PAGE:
Mass booster clinic delivers over 300 vaccines to Athens

The Athens City Health Department administered 315 COVID-19 booster shots at a bivalent vaccination clinic it hosted on September 10.

The clinic was held at Ohio University’s Heritage Hall, located at 191 W. Union St. Athens County Health Commissioner James Gaskell said the health department administers the Pfizer vaccines and Moderna.

A bivalent vaccine is a vaccine that protects against two viruses. These clinic-administered vaccines protect the body from both the original strain of COVID-19 and all five Omicron variants, Gaskell said. Omicron five is the variant that currently causes the majority of infections and is highly contagious, he said.

The service expected 300 people to come to the clinic, but it also treated a few walk-in people.

Jack Pepper, administrator of the city of Athens’ health department, said the clinic mostly sees people who are not of “typical” student age.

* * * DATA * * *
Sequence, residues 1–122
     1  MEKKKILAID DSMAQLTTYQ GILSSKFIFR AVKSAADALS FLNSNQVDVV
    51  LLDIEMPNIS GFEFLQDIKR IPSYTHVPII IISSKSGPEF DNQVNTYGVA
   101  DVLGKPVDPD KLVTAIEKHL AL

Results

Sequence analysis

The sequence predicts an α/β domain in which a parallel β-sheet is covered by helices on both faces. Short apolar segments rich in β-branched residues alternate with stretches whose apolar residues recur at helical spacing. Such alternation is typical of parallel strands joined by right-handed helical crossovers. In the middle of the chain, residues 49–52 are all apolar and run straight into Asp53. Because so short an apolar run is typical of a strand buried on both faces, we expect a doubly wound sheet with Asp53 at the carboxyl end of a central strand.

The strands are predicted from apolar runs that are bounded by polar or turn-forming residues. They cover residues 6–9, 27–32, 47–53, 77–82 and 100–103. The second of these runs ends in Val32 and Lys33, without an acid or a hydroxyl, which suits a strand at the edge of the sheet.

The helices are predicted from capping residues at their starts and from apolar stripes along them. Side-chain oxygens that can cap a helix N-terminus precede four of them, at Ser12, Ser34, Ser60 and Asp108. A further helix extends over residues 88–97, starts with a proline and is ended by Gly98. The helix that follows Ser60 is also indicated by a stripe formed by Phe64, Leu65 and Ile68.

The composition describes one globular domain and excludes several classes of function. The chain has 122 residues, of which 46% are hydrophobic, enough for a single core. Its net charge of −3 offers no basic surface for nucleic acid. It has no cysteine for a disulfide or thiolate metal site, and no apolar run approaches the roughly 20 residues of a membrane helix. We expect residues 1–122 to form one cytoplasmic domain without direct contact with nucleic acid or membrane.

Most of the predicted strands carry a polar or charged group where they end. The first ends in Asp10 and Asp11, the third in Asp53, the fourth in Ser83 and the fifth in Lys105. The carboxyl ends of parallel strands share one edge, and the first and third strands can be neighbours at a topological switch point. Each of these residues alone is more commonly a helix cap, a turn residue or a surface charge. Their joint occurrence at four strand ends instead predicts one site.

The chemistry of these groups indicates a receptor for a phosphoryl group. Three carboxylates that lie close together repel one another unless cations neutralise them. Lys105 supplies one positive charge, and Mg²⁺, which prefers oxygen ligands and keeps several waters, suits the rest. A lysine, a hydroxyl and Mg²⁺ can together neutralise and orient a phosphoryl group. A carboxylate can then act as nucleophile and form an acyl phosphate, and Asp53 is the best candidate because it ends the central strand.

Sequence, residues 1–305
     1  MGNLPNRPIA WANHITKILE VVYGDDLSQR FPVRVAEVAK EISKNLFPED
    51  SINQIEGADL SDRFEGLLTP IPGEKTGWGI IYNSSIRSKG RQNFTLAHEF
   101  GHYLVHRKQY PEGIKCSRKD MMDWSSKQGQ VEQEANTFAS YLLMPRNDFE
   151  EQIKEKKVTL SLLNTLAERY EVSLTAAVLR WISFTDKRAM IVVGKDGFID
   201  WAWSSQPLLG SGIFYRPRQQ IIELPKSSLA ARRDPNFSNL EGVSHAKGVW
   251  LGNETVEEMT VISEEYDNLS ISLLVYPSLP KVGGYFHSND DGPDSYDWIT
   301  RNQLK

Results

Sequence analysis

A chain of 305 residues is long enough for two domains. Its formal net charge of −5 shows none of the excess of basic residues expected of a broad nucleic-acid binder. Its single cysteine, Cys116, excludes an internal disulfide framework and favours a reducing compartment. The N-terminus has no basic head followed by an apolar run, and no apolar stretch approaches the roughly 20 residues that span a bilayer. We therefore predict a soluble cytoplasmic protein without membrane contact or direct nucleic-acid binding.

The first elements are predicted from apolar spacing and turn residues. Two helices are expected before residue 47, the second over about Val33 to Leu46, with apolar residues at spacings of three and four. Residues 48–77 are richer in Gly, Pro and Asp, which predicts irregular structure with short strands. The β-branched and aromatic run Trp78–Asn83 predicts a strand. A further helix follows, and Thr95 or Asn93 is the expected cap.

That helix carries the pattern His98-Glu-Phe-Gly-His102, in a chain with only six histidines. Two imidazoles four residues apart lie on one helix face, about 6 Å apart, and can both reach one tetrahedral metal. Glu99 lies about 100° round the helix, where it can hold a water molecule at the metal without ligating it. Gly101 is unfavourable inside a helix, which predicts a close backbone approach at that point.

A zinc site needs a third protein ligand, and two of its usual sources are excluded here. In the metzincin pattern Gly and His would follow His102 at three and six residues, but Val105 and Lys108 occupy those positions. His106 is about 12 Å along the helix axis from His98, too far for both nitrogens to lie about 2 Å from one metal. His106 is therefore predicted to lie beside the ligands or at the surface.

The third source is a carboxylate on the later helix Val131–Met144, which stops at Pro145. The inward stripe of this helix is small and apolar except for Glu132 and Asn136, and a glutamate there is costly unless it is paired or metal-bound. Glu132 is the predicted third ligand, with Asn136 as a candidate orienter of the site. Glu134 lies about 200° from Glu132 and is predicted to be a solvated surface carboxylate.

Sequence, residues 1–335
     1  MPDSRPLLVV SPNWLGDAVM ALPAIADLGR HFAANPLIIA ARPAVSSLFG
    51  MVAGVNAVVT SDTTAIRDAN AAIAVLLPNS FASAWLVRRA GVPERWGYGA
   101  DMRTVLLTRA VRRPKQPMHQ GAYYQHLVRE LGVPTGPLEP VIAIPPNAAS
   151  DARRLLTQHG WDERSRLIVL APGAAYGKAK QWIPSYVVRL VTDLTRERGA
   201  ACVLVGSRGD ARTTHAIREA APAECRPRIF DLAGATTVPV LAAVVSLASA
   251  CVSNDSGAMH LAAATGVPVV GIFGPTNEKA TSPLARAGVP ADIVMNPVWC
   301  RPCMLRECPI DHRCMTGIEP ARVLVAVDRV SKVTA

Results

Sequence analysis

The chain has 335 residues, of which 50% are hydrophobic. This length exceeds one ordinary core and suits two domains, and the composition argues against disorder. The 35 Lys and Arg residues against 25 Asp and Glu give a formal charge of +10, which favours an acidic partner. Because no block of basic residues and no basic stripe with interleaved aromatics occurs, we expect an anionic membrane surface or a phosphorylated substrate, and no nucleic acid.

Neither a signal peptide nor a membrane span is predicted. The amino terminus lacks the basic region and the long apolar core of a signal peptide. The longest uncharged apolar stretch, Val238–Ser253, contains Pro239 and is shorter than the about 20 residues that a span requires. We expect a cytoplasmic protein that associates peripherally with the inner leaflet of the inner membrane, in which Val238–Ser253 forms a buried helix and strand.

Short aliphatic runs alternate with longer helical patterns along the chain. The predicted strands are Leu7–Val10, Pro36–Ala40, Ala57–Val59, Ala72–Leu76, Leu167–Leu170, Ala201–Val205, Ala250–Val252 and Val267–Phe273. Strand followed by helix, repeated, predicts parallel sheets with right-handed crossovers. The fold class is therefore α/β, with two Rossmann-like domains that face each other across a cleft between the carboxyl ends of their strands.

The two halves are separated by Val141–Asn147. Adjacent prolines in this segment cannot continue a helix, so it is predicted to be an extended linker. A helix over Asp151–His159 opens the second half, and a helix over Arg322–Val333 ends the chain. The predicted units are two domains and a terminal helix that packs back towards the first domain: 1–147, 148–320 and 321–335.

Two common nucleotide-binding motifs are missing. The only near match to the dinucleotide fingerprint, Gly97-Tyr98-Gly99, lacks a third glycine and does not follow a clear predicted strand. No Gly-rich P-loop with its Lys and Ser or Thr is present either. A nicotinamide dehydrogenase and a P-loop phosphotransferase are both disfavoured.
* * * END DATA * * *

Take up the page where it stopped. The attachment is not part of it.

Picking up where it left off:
The health department held all of its mass vaccination clinics at Heritage Hall as it is better suited for larger scale vaccination operations due to its size.

“It’s just much more efficient for us to deliver a high volume of vaccines from this facility than from our own facility,” Pepper said.

In addition to allowing the department to host its clinics at Heritage Hall, Ohio University also announced the event on campus through several different channels, said university spokesman Jim Sabin.

The health department recorded 343 new cases of COVID-19 last week, representing a gradual increase since late August, Gaskell said. According to Center for Disease Control and PreventionAthens County currently reports a “high” community level, which means wearing masks is strongly recommended.

“The current numbers, I will say, are a little misleading,” Pepper said. “We know there are a lot of people at this stage who are not testing at all because the disease is not as virulent as it once was, or they are testing at home and not reporting to us. home test results. .”

The health department likely won’t be hosting vaccination clinics as they have been for the past several years since the COVID-19 pandemic began.

“I don’t foresee that we’re going to vaccinate people every four to six months, indefinitely. I think, and the great hope is that this vaccine might have more durability and last a bit longer than our previous messenger RNA vaccines,” Gaskell said. “Hopefully this one will provide longer protection.”


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